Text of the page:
Gigabits Now and in the Future

Storage companies are looking at next-generation throughput in the 10 Gbps range, whether in Fibre Channel or Ethernet. When will it reach your game machine?

As throughput rates swoop up a steepening curve, some users are still having a hard time buying the notion that gigabit speeds are on the cusp of becoming a consumer standard. Get used to it: Its already time to start counting down to 10-gigabit-per-second performance on entry-level computers.

One company already banking on this scenario is startup S2io Technologies, which is readying a line of 10-Gbps Ethernet (10GbE) storage products. The company announced its entry into the market at this weeks Data Center Futures conference in Chicago. S2io said it expects to release its first product later this summer. (See the companys press release for more information.)

Most of the storage industrys expectations for next-generation speed has focused on either 4-Gbps or recently 10-Gbps flavors of Fibre Channel; some customers are seeking cost savings and compatibility from the slower interface, and others are eyeballing a great leap forward with the 10-Gbps standard. (See Fibre Channels Future Speed for more information.)

"Everyone wants more speed; the question is at what cost," Kimball Brown, S2io vice president of marketing, told me. The company, which exited its self-described "stealth mode" yesterday, will ride the Ethernet-over-IP and iSCSI wave and offer a variety of 10GbE storage solutions into the enterprise. "The fibre channel guys are going from 2 to 4 Gbps; were going from 1 to 10 Gbps."

More performance is better, especially when it comes to bandwidth. And a factor of 10 has an almost magic quality.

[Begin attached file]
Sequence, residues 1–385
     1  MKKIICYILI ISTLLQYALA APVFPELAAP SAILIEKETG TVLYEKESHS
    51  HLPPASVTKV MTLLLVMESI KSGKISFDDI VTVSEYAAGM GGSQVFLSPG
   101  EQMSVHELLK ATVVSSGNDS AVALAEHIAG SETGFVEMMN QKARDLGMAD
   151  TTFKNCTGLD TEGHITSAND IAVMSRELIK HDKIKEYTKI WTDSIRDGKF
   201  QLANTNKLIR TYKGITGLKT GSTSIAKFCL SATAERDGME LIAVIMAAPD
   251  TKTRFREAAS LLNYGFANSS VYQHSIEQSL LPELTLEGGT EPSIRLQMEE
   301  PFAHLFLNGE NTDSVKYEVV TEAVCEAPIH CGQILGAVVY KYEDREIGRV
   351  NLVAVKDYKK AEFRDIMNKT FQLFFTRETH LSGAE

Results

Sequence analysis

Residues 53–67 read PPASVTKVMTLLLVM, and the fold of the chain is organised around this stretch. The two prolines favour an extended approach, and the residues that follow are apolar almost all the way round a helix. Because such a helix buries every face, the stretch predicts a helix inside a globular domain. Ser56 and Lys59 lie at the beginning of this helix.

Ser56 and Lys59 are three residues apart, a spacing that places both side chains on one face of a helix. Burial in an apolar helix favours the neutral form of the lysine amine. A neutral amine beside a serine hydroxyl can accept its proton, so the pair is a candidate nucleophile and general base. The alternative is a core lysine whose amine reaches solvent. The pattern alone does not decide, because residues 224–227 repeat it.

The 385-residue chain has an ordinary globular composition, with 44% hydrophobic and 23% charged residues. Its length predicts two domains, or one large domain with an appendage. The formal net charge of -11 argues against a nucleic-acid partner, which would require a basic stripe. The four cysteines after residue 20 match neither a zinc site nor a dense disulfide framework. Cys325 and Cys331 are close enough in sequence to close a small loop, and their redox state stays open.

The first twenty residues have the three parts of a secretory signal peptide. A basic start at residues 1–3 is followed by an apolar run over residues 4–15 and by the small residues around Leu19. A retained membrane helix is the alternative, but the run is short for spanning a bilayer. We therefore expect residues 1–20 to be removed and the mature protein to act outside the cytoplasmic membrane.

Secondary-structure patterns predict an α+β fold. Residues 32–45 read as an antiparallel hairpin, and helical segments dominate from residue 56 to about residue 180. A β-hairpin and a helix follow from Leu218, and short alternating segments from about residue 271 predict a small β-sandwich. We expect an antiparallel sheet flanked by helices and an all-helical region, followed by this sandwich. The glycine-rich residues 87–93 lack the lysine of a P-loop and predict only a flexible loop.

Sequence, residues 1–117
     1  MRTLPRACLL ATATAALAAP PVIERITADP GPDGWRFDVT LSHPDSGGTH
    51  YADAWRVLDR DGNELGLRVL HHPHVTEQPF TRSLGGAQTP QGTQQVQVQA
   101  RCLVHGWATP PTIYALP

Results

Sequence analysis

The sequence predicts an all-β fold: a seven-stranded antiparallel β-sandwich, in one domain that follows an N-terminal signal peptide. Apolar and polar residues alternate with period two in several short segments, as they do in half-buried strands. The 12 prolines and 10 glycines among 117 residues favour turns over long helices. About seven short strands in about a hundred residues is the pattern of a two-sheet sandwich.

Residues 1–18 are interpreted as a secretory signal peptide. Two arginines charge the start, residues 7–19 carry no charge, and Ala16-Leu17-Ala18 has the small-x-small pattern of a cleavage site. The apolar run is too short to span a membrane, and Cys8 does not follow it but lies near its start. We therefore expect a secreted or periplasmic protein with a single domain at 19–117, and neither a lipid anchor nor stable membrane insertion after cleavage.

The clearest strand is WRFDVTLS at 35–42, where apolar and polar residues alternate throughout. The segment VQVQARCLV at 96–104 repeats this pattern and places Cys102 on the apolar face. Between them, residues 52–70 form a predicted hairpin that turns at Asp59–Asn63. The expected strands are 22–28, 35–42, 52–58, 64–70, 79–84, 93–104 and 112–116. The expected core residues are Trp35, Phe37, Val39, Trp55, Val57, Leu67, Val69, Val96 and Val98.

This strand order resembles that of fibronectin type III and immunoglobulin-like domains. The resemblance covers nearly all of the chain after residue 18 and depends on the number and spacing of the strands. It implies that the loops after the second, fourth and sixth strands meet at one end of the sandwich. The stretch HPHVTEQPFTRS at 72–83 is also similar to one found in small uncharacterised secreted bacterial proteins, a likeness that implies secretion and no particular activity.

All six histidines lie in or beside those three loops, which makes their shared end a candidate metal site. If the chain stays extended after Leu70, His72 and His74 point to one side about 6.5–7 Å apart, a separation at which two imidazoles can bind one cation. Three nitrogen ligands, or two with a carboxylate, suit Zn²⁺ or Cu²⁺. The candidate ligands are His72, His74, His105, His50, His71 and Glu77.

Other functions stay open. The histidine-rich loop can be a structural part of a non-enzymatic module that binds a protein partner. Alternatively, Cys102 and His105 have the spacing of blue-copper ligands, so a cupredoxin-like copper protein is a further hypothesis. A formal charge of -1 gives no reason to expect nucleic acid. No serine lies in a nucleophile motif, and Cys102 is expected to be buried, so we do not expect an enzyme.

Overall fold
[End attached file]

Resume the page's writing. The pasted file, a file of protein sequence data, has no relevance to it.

"An incremental gain [in performance] may not be worth the effort, but a gain of an order of magnitude can always be justified," said Michael Bennett, senior network engineer at Lawrence Berkeley National Laboratory. He used 10GbE to interconnect two large clusters of servers.

Still, in todays market, even research centers could question the performance to be gained for a very high price tag. Bennett was pleased to see that the initial price-per-port for 10GbE was falling. "The effort may be justifiable. But then you do have to look at the cost."

Of course, the thought of 10GbE speed on the desktop is almost a joke, considering todays costs. It will take years to move 10GbE down the market to reach your workstation or notebook (as well as several generations to work on expansion bus technology).

But until recently, the same argument applied to Gigabit Ethernet. Its now mainstream—perhaps not consumer-level, but very close. Apple Computer includes Gigabit Ethernet on both desktop and notebooks. Meanwhile, Intel now supports the protocol in its recently introduced Springdale chipset. The company is testing the chipset with its consumer processors. (See Intel Strives for Balance With Springdale Chipset for more information.)

Based on history, the countdown for consumer 10GbE should start now. Gigabit Ethernet was approved in 1998, and this year, it may arrive on $600 PC. This logic tells me that game machines in 2008 will have a 10GbE connector. Why do I have so much trouble believing it?

David Morgenstern is a longtime reporter of the storage industry as well as a veteran of the dotcom boom in the storage-rich fields of professional content creation and digital video.